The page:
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I have been teaching myself Haskell for a month or so and today I was reading the solution of 16th problem and came up with a question.

Here is a link : http://www.haskell.org/haskellwiki/99_questions/Solutions/16

Basically, this question asks to make a function that drops every N'th element from a list. For example,

*Main> dropEvery "abcdefghik" 3

"abdeghk"

The first solution in the link is

dropEvery :: [a] -> Int -> [a]
dropEvery [] _ = []
dropEvery (x:xs) n = dropEvery' (x:xs) n 1 
  where
       dropEvery' (x:xs) n i = (if (n `divides` i) then [] else [x])++ (dropEvery' xs n (i+1))
       dropEvery' [] _ _ = []
       divides x y = y `mod` x == 0

My question is why dropEvery defines the case of empty lists while dropEvery' can take care of empty list? I think dropEvery [] _ = [] can be simply eliminated and modifying a bit of other sentences as following should work exactly the same as above and looks shorter.

dropEvery :: [a] -> Int -> [a]
dropEvery xs n = dropEvery' xs n 1 
  where
       dropEvery' (x:xs) n i = (if (n `divides` i) then [] else [x])++ (dropEvery' xs n (i+1))
       dropEvery' [] _ _ = []
       divides x y = y `mod` x == 0

Can anyone help me figure out about this?

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1  
Note that the argument order of this function is "wrong"; functions like this are usually Int -> [a] -> [a], which is normally much more useful for pipeline situations. Why they put it the other way around in that example, I have no idea. –  leftaroundabout Apr 28 '13 at 10:22
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1 Answer

up vote 7 down vote accepted

I think they are the same and the author could have simplified the code as you suggested. For the heck of it I tried both versions with QuickCheck and they seem to be the same.


import Test.QuickCheck

dropEvery :: [a] -> Int -> [a]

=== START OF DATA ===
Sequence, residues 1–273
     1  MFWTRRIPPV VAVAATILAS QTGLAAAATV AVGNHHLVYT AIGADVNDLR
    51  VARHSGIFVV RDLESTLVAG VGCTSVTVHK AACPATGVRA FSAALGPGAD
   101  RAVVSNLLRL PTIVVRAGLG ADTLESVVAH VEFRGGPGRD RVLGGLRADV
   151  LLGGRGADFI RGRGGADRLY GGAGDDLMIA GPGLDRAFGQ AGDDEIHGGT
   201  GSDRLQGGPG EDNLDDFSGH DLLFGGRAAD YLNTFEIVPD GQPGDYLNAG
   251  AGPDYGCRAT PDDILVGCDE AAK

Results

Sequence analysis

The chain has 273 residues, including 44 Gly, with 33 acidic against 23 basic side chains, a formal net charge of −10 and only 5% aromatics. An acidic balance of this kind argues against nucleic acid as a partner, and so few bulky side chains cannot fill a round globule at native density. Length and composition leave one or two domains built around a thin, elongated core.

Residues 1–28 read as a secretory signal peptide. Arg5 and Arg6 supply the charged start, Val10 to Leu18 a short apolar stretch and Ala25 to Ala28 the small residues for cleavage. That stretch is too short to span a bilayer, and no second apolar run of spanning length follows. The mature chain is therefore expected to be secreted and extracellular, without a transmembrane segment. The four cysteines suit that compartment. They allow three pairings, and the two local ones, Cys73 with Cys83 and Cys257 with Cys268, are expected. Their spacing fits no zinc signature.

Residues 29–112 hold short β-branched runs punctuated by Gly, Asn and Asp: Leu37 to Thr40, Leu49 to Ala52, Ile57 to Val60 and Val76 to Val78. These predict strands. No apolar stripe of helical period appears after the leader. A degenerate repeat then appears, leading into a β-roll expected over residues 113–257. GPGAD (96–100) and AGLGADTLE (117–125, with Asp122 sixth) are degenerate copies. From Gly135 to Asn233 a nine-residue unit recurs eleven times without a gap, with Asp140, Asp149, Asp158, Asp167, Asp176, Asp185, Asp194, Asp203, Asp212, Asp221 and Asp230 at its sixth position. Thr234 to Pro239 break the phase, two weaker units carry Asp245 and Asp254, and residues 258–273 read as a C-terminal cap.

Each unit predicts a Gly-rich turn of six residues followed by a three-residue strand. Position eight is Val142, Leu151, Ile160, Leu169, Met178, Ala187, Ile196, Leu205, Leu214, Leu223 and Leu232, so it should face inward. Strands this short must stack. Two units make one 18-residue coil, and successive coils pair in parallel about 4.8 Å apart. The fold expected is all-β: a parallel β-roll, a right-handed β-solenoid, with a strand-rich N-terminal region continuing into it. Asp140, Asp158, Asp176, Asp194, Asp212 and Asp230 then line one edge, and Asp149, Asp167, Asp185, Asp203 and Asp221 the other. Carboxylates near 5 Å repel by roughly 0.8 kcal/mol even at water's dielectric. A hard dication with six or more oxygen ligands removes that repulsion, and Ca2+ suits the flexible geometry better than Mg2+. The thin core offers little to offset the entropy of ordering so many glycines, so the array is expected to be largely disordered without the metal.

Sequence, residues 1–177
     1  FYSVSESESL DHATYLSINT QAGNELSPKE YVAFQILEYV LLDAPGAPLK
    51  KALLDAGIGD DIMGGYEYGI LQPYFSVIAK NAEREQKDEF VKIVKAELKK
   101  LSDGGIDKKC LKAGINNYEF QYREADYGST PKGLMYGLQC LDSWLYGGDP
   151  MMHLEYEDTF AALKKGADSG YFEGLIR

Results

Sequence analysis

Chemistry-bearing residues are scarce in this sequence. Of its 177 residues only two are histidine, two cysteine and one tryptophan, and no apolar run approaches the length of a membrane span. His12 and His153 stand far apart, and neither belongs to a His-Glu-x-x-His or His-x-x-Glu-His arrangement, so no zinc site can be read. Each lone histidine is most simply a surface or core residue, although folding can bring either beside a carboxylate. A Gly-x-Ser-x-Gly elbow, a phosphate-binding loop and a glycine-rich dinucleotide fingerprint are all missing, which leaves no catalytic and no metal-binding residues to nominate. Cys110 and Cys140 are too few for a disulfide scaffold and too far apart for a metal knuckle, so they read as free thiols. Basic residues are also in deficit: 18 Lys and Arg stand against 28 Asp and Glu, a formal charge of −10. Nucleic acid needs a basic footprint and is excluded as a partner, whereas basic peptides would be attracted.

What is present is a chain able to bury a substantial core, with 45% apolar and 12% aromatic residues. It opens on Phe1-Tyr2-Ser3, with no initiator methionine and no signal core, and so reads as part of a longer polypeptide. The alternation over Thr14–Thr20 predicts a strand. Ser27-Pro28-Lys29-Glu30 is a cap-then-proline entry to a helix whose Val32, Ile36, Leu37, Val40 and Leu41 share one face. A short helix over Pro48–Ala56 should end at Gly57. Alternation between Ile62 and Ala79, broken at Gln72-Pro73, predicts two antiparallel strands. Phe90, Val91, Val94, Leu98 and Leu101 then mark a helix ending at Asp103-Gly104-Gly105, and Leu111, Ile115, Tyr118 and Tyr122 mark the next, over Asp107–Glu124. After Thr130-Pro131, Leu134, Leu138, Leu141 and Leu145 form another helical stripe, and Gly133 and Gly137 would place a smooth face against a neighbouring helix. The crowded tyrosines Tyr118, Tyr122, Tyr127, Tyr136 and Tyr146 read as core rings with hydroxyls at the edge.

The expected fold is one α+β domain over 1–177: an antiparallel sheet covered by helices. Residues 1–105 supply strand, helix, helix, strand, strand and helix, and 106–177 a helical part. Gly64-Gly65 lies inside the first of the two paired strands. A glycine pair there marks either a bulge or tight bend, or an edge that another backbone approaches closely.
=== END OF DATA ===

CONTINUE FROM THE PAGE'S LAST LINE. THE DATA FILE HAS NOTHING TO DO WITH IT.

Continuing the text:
dropEvery [] _ = []
dropEvery (x:xs) n = dropEvery' (x:xs) n 1 
  where
       dropEvery' (x:xs) n i = (if (n `divides` i) then [] else [x])++ (dropEvery' xs n (i+1))
       dropEvery' [] _ _ = []
       divides x y = y `mod` x == 0

dropEvery2 :: [a] -> Int -> [a]
dropEvery2 xs n = dropEvery' xs n 1 
  where
       dropEvery' (x:xs) n i = (if (n `divides` i) then [] else [x])++ (dropEvery' xs n (i+1))
       dropEvery' [] _ _ = []
       divides x y = y `mod` x == 0

theyAreSame xs n = (dropEvery xs n) == (dropEvery2 xs n)
propTheyAreSame xs n = n > 0 ==> theyAreSame xs n

And in ghci you can do

*Main> quickCheck propTheyAreSame 
+++ OK, passed 100 tests.

I also tested a few corner cases by hand

*Main> dropEvery [] 0
[]
*Main> dropEvery2 [] 0
[]
*Main> dropEvery [] undefined
[]
*Main> dropEvery2 [] undefined
[]

So them seem to the same.

So our learning outcomes:

  1. Quickcheck is perfect for this kind of stuff
  2. Don't underestimate yourself. :)
share|improve this answer
    
Thank you for your answer! I am happy to hear that my guess was correct. I did not know about Quickcheck. Do I need to be able to use GHC to use that? –  Tengu Apr 27 '13 at 17:25
    
@Tengu You don't use GHC? You can use runghc or ghci too, but I'm sure QuickCheck will work on entirely different compilers too. You can google for an installation guide but since it's a very common library it should be very easy to install. –  Tarrasch Apr 27 '13 at 19:00
    
I just started Haskell last month and I have never used GHC compiler. (Well actually I do not even know what "compiler" means at the first place even though my friend in computer science major explained for me many times haha) I will look up QuickCheck but I may not be prepared for those things. Thank you for your answer! –  Tengu Apr 28 '13 at 3:27
1  
@Tengu Oh alright. Please learn in whatever pace you find comfortable, in time your knowledge will mature and you'll in natural way explore more of programming. On an unrelated note: If you found my answer useful, please consider to accept it. –  Tarrasch Apr 28 '13 at 3:31
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